Overloaded with educational buzzwords? Ever hear the newest trendy catchphrase and say, “Oh yeah, that sounds good.” Meanwhile, in the back of your mind, you’re thinking, “What does this even mean?”
Here’s one I’ve used: “We need to provide students with rich mathematical experiences.”
When we hear this at a conference or in a meeting, all heads nod vigorously. It’s hard to disagree with. Who really thinks, “Nope. What we really need are more unimaginative, tedious math experiences”?
Let’s just say that we agree with the “rich mathematical experiences” approach. That sound good! But what does that actually mean to us and our students?
But then, very recently, the term “rich mathematical experiences” suddenly came to life for me.
Dr. Les Steffe, a childhood mathematics research legend from the University of Georgia, recently visited us here at the AIMS Center. One thing he said really caught my attention. He said that “rich visual and sensorimotor experiences” create memorable material for children to reflect upon as they abstract number. As I thought about his statement, I began to think about how random words and numbers bring about vivid memories from my past. For example:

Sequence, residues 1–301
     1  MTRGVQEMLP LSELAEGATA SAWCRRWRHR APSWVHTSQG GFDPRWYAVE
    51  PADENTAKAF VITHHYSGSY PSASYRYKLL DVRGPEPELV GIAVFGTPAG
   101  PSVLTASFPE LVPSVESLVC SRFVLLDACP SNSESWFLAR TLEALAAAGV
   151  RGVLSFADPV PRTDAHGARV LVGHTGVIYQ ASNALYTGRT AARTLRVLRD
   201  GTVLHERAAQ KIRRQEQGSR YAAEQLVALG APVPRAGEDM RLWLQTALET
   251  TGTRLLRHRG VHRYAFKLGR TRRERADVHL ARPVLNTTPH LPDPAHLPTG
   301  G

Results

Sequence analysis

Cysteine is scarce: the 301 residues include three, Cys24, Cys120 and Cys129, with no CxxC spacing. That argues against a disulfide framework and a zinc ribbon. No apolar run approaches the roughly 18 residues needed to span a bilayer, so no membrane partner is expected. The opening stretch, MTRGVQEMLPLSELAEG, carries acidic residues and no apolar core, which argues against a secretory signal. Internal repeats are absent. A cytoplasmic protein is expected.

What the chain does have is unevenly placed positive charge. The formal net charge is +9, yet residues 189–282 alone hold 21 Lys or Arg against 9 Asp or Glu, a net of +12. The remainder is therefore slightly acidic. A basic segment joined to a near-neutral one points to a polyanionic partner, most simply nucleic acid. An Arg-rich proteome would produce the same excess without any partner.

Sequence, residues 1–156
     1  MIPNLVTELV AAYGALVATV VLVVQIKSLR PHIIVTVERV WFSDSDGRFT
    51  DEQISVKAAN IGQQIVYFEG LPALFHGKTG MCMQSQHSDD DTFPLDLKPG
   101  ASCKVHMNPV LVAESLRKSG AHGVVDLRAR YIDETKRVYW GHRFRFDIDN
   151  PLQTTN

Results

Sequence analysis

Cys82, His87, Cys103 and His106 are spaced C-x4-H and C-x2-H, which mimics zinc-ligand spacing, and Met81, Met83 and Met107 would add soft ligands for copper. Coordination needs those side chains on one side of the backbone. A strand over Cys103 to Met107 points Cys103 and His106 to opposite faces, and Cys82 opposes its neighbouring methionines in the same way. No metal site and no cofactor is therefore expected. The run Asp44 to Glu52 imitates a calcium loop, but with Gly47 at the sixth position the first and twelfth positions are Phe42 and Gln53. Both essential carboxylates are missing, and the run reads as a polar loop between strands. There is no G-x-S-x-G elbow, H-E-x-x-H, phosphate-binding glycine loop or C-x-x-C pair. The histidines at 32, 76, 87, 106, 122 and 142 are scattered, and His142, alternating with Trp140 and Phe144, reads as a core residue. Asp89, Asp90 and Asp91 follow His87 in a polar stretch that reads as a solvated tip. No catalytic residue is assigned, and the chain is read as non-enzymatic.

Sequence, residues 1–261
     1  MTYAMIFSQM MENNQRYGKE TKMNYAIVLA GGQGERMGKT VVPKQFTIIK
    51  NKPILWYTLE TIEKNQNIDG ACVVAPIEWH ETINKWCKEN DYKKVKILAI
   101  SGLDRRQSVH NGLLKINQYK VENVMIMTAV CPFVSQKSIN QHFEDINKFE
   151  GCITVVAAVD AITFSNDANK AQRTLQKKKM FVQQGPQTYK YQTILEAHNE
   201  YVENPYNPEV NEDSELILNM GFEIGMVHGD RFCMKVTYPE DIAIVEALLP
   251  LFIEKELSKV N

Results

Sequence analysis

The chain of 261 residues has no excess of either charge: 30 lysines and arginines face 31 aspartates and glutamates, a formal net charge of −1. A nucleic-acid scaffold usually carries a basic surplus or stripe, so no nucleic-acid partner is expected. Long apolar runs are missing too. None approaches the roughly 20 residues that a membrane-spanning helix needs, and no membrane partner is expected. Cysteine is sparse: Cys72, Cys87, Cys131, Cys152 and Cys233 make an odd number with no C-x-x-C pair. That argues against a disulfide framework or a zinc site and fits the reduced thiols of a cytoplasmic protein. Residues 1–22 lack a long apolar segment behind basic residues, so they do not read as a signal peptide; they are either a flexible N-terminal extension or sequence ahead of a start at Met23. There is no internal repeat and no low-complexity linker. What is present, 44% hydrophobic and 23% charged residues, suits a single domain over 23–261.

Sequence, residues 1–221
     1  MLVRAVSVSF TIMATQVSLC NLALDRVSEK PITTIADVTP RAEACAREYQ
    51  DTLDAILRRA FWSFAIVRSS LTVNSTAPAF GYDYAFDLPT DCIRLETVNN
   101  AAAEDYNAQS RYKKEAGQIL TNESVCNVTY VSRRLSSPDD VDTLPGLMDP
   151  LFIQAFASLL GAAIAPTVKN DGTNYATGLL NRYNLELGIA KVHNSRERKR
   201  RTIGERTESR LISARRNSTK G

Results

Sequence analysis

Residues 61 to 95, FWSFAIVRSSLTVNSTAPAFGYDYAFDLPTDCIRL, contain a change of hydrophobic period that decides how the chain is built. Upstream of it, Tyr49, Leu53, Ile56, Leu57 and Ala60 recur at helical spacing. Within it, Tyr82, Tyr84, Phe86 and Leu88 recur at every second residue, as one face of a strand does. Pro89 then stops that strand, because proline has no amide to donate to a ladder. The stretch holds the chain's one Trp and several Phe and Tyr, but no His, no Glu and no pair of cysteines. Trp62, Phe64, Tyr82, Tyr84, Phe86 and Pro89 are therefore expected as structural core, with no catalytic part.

“Sun” – Someone burned a hole in a teammate’s baseball glove by holding a magnifying glass between it and the sun. That’s just wrong.
“Swamp” – My childhood elementary school’s mascot was the Swamprat. I still think it is the best mascot ever. Great school!
“Four” – As we set the table for dinner, Dad used to say, “Four forks for the family.” Good times.
Want to try? Since we are talking about number, let’s begin with me showing you a number. Take a moment to see what memories this brings to the surface for you.
So what memories were connected to the number 11 for you? Players on the field of a football or soccer team? Veteran’s Day (11/11)? Someone’s birthday? The number on your Little League jersey? September 11? The memories that the number 11 bring forth for you are most likely based on some “rich” experiences.
Likewise, as children construct the abstract concept of number, they need rich, memorable counting experiences. So what do those experiences look like and why do they need them?
If we think about sight, touch, hearing, smell, and taste, we can create activities that appeal to as many of the senses as possible.
Dr. Steffe also alluded to what has become an important area of education research: emotion. Emotion plays a prominent role in memory. What emotions were elicited for you in the above exercise? How did you feel? It is commonly said that students may forget what we do and say — but they remember how we made them feel.
As early childhood educators, our children will have a tremendous advantage if we can offer rich counting experiences as they construct the concept of number. As access to perceptual counting material is reduced, they will have vivid memories to count in their imaginations!